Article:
…the shell is finally broken, a wonderful experience of happiness ensues. It is the happiness that is known only by those who have encountered God in this way. It feels like being suspended weightlessly in the ocean of God’s presence (49).
- Context and Exegesis
The foundation of this book is the premise that one can experience God immediately/directly. There is one passage he cites to prove that this is possible: “The Lord spoke with Moses face to face, just as a man speaks with his friend.” (Ex 33:11 HCSB) He then makes the argument from the lesser to the greater that if Moses spoke with God directly then how much more should we be able to?
There are several problems with this. First, when the bible says that Moses spoke to God face to face, it is speaking about the relationship that Moses had with the Lord. It is not speaking about Moses seeing the Lord in his essence. For the phrase following those words explains to us the manner in which he saw the Lord, “just as someone would speak to his neighbor” (כַּאֲשֶׁר יְדַבֵּר אִישׁ אֶל־רֵעֵהוּ). Second, at the beginning of the Lord speaking to Moses on Mt. Sinai, we are told that the Lord spoke to Moses “from the Mountain” (מִן־הָהָר (Ex 19:3)), not directly. Third, if we allow the New Testament to speak, St. Stephen tells us that the Lord spoke to Moses through angels (εἰς διαταγὰς ἀγγέλων(Acts 7:38,53)).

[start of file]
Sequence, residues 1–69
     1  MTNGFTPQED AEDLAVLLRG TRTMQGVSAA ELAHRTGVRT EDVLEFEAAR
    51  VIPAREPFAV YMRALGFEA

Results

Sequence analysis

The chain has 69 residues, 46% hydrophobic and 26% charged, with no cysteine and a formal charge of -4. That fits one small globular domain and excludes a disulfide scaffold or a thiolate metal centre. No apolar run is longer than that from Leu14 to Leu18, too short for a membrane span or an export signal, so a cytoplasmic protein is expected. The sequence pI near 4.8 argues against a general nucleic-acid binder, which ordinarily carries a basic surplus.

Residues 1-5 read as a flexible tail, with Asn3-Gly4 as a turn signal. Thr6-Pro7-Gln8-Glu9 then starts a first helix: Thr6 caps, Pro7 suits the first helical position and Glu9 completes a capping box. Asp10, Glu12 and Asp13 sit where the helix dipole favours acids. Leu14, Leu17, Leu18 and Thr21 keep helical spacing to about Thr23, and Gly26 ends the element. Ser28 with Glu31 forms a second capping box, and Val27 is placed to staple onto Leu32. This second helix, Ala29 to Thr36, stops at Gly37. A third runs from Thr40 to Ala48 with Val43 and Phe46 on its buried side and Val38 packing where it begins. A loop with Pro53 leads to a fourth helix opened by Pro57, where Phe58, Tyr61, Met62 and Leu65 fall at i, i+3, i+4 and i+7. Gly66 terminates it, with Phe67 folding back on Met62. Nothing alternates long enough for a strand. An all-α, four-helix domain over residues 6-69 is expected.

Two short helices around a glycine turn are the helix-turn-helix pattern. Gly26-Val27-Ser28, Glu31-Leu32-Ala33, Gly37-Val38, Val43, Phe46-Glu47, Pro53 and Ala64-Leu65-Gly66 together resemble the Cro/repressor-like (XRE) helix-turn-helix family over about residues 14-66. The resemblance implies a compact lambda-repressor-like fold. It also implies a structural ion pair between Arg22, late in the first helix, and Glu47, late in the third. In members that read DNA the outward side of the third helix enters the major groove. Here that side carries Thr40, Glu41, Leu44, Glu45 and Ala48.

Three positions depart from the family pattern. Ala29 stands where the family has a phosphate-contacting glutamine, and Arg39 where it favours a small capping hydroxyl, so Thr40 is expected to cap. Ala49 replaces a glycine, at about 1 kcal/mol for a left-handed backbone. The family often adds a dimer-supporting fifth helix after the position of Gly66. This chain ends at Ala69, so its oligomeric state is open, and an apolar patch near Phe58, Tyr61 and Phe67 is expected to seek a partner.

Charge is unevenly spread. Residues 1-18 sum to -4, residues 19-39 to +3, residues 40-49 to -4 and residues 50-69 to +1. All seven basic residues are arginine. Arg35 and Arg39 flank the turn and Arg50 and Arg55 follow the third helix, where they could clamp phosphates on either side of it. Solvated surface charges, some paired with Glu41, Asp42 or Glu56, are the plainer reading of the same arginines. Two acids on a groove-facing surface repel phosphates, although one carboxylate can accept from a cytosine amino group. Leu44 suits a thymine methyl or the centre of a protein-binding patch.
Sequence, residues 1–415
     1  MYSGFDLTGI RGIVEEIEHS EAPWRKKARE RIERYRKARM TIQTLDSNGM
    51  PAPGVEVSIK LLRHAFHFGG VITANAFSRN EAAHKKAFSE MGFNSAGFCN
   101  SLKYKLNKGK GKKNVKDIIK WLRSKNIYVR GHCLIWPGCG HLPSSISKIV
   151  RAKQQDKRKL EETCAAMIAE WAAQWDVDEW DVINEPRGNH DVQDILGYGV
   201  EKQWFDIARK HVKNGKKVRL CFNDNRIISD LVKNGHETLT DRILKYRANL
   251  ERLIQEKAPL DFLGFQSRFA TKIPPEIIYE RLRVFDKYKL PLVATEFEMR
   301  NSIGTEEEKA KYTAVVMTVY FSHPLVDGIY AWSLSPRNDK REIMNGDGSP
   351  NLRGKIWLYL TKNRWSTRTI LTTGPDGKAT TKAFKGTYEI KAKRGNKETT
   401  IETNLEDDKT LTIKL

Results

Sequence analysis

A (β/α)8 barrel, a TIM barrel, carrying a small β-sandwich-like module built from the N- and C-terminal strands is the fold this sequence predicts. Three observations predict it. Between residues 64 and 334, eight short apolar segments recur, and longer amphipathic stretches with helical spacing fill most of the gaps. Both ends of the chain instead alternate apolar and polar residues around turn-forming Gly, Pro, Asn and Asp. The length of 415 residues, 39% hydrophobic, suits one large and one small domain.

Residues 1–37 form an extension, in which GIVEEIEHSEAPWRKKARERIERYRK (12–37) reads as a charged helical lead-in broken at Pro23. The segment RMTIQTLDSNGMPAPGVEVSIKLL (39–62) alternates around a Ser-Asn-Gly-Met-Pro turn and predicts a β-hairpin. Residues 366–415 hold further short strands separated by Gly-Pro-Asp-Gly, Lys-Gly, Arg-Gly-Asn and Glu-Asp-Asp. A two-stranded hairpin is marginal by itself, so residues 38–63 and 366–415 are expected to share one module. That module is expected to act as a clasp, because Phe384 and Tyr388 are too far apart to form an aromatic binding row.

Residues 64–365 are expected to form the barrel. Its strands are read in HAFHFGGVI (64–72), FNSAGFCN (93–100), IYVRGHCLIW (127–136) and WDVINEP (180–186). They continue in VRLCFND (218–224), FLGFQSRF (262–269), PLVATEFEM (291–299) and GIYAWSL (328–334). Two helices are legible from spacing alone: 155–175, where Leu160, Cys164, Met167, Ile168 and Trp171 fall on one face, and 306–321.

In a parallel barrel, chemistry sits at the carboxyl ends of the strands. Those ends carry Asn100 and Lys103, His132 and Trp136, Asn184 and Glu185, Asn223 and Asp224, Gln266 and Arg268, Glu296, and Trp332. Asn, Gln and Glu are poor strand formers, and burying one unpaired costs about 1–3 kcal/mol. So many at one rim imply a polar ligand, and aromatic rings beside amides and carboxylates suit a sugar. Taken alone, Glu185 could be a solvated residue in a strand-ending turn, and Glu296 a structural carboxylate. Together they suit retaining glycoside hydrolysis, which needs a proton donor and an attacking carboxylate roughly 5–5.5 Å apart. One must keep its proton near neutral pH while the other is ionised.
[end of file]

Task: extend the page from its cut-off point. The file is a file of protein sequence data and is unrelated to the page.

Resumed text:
When we consider that a direct connection or communication with God is not possible for us, we wonder just what it was exactly Jacoby was experiencing when he had happiness “that is known only by those who have encountered God in this way” (49).
- Law and Gospel
Jacoby clearly delineates that God answers prayer “through his unconditional promise of favor and blessing for his people” (78). So also, he tells us that Hesed “refers to God’s love as expressed through his unconditional covenant. In appealing to God’s hesed, the psalmist is upholding the covenant by which God bound himself to bless his people unconditionally” (79-80). These statements are good and biblical. However, in complete contradiction to these statements the whole rest of the book makes God’s unconditional blessings conditional. For, he writes that we can experience God directly if we entrust ourselves to him (56), have high expectations of God (87), pursue God (96), desire God above all else (105), seek God (106), love God (107), do God’s will (129), give ourselves to God (132), become overpowered by God (133), surrender to God (134), choose God (163), simply love God (163). This list is by no means exhaustive. By the end of the book this reviewer was beginning to wonder if Jacoby understood what the word, “unconditional” meant.
- The role of music in worship